Monsters under the bed plague the sleep of children, and parents assure their children that the monster is not real. For women in surgery, their fear of the monster of gender discrimination plaguing their career is often discounted and dismissed. While children can look under the bed to see that there is no monster, a woman surgeon who looks will often come face to face with gender discrimination.
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In a survey conducted in 2000, over half of the women surgeons working as professors reported gender discrimination and sexual harassment. Meanwhile, their male coworkers expressed the belief that these disparities did not exist in the medical institutions. Over all, these studies discovered that women surgeon professors earned less, received promotions much more slowly, and scored lower in the peer-review process than male peers.
So while society is just beginning to accept the widespread issue of gender discrimination throughout every industry, women still face harassment and silence for speaking up against these daily reminders of their inequality in the field of surgery. To speak up often means being targeted for more harassment. And women surgeons fear losing certain chances in their career by reporting sexual harassment or discrimination.
In situations like this, an employment lawyer helps to craft a legal strategy that will offer solutions to employment discrimination and sexual harassment.
The Effects of a Work Environment on Female Surgeons
“That culture is like the air we breathe or the water that fish swim in. It has the potential, for better or worse, to affect everybody in the same way.” Dr. Linda H. Pololi, a senior scientist at Brandeis University, recognizes that the culture within the work environment influences surgeons and patients alike. Of course, half of the problem is recognizing that the problem exists.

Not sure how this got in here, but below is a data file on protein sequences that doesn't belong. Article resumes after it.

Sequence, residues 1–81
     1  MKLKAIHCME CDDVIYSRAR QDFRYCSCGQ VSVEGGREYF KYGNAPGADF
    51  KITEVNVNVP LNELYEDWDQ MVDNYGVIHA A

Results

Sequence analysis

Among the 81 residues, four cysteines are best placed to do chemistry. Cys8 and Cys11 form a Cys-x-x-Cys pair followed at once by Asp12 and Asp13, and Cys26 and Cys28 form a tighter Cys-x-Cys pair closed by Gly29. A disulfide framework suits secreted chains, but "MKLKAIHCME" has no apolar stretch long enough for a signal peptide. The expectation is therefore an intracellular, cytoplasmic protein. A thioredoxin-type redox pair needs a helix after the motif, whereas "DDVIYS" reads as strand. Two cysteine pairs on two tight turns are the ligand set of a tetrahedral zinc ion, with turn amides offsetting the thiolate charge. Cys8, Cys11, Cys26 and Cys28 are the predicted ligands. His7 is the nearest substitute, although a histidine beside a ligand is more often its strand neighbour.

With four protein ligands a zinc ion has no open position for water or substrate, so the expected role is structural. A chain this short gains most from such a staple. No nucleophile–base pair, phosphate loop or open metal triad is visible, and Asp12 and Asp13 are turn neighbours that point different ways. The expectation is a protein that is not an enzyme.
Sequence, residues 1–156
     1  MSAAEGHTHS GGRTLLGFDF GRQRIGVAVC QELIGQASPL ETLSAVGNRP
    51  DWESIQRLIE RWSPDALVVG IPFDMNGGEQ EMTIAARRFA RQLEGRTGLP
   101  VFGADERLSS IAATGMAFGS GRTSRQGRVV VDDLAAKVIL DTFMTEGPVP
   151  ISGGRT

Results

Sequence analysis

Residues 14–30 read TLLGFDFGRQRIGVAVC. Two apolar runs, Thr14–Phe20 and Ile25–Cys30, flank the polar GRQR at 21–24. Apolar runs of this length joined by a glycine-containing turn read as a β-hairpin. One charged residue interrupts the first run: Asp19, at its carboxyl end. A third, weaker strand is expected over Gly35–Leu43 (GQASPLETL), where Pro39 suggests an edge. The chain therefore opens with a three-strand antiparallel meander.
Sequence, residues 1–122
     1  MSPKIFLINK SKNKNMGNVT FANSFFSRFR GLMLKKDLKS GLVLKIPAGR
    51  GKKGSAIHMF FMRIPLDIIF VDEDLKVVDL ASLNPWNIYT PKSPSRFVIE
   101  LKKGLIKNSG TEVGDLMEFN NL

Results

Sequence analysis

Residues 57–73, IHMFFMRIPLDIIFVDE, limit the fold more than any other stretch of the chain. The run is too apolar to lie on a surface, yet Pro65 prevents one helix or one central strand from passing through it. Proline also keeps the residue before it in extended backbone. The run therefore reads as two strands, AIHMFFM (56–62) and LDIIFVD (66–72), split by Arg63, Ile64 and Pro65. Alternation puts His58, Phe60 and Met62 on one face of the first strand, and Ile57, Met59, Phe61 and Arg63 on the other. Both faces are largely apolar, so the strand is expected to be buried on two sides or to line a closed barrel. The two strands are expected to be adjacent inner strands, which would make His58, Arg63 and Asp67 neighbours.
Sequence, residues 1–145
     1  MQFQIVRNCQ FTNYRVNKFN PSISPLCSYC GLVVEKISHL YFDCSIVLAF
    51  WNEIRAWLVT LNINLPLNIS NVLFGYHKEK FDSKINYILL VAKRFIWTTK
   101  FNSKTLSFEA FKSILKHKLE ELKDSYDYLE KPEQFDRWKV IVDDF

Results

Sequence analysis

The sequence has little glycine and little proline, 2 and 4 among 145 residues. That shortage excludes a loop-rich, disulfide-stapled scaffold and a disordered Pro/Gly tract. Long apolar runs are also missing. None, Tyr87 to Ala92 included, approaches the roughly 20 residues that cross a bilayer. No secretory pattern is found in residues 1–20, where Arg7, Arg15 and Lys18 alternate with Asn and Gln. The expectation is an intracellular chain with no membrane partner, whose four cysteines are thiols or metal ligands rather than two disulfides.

Women often see the problem, but it’s harder to get men to see the problem. After all, a female surgeon routinely is referred to as “sister” or “nurse” by patients, and sometimes coworkers refer to women surgeons as “young girls” or “nurses.” Although not innately wrong, these terms are disrespectful of the woman’s experience and knowledge.
“The battle is everywhere…I’m consigned to the nurses’ locker room and our conditions there are much inferior to male counterparts. Equipment is sized for male hands, male heights. Golf is the second office—I hate golf. Sexism, racism, materialism prevail.” – an anonymous female surgeon, “Engendered Surgery: Women Surgeons Reveal Their Experiences.”
The organizational culture and accepted norms of behavior demoralize not only women but men as well. The structure of an organization and the level of disrespect permitted reveals the values of medical centers. In a study published by The Journal of General Internal Medicine, researchers supervised 20-minute questionnaires to over 2,000 faculty members. The study asked whether or not their work energized them, whether they felt ignored, or if they felt pressure to compromise their values.